Lists, notebooks, and remembering ideas

I just found this post by entrepreneur Richard Branson about using notebooks and lists to remember ideas, and it got me thinking about how well that works for me.

I used to have a much better memory than I do now. Sometimes I attribute the change to “middle-age brain” (sigh!). But when I think of how much more information resides in my head now (22 years worth of interviews and stories from my work as a reporter, for one thing), it makes sense that memory retrieval sometimes takes longer.

In August, I blogged about my little orange notebook, which has kept me on track since I was downsized last June. It’s filled with work-related ideas and thoughts that inspire me.

I like having a tangible notebook. Mine has a recycled leather cover and is small enough to slip into my purse, but large and colourful enough that it’s hard to misplace. I don’t see it as a replacement for my iPhone lists; it serves a different purpose. I use it at home all the time.

My phone is useful – and valued – for different reasons. It’s lightweight, user-friendly, and has several important ongoing lists – most importantly, my grocery list and my to-do list. Not to mention my calendar.

I still keep a paper calendar but, increasingly, I rely on the digital version. I’ve gotten used to entering information on my phone’s calendar, a task at which I’ve become more efficient. I can also program reminders for events – a feature that doesn’t exist on my paper calendar.

But my paper calendars also serve as notebooks, in a way. When I look back at old calendars, it’s easier to glean information from the paper versions. In addition to the what-happened-when entries, there are little notes-to-self that just aren’t the same when I enter them in my phone.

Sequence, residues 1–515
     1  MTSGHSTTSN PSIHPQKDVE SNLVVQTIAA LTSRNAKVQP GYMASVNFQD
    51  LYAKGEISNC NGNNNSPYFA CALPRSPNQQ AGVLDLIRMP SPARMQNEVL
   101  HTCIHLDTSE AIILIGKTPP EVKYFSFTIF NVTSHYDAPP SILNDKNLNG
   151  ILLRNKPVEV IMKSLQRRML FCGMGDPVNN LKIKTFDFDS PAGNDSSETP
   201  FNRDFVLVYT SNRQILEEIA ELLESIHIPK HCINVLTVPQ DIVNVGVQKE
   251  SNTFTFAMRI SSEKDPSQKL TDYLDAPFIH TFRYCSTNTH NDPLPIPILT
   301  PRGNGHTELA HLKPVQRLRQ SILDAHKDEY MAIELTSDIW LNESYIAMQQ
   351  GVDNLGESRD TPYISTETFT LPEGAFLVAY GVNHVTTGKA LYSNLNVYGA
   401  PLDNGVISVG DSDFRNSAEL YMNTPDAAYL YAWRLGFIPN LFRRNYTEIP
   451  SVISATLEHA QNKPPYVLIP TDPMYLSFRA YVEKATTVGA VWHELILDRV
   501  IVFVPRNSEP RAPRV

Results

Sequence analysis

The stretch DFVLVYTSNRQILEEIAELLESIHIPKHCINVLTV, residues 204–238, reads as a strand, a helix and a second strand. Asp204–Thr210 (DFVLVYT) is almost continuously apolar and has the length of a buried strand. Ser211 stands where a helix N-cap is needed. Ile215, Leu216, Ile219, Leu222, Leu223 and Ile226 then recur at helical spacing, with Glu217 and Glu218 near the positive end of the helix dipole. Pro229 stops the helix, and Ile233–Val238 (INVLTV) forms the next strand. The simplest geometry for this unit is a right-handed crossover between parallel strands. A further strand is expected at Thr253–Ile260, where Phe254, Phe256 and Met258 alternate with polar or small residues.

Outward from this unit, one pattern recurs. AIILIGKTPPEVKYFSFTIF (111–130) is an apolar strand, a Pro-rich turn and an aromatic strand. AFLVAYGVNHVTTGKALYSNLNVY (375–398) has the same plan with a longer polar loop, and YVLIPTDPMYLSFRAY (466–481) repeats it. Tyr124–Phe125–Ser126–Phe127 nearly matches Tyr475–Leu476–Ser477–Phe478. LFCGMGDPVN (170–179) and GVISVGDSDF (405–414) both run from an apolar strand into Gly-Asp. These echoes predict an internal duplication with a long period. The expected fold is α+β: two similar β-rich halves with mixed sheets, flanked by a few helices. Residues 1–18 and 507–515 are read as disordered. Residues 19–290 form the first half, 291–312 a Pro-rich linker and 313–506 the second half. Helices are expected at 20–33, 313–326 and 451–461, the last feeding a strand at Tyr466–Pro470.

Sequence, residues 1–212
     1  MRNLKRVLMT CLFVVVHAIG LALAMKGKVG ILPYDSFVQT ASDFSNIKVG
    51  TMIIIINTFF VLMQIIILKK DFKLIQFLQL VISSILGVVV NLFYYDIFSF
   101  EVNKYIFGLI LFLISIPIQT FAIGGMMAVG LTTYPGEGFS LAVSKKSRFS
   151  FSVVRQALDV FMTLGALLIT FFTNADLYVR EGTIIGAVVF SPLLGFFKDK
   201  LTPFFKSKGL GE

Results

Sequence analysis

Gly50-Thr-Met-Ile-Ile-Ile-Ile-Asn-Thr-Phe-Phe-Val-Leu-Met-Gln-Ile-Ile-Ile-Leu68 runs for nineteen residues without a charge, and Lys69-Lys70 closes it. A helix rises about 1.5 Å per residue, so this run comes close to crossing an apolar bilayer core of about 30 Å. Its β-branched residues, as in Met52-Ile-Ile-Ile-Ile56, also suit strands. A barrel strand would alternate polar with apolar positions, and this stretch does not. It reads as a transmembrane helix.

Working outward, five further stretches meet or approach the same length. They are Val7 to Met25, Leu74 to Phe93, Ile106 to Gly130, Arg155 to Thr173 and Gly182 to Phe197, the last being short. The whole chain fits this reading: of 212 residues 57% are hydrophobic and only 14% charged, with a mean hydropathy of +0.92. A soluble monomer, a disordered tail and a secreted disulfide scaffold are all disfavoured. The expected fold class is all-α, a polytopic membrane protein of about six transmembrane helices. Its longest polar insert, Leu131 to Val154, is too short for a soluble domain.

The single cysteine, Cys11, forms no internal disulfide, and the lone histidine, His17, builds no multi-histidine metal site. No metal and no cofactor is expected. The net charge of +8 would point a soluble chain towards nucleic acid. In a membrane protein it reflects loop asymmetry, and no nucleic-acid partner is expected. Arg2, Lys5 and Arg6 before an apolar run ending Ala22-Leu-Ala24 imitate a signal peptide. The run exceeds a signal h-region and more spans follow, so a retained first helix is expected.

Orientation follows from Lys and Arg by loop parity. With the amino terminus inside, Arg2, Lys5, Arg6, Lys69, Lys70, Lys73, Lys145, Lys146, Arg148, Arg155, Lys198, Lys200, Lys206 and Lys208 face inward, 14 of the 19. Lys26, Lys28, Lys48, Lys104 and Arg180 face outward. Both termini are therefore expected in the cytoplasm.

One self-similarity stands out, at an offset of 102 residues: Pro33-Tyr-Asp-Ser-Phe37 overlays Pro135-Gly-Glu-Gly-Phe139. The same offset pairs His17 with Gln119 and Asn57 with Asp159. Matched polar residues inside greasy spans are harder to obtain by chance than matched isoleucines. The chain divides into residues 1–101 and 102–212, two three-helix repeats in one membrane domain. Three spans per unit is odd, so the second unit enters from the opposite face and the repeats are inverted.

I wouldn’t give up my electronic lists, but I’m not phasing out paper either.

Where do ideas come from?

Since I began this blog in July, I’ve written more than 50 entries. So far, I haven’t been at a loss for ideas.

When I worked as a reporter at The Canadian Jewish News, people often asked where my stories originated.

Sometimes, they were assigned by an editor.

Also, people often called or e-mailed to let us know about a newsworthy issue or event in the community.

Other times, story ideas seemed to grow organically from a conversation or experience. A couple of years ago, I wrote an article titled “Math teaches kids more than just numeracy” for our annual education supplement. I had no clue that people were passionate about math education in elementary school until the subject came up repeatedly in conversation with a group at my synagogue.

In 2003, when I bought an Ulu knife in Alaska, and thought about using it to make gefilte fish, a food article started taking shape in my head before I even returned home.

I love when ideas evolve naturally into stories. I guess – as a reporter, and now as a blogger – my antennae have always been up. The realization that I’ve happened on a great idea to write about still gives me a bit of a rush.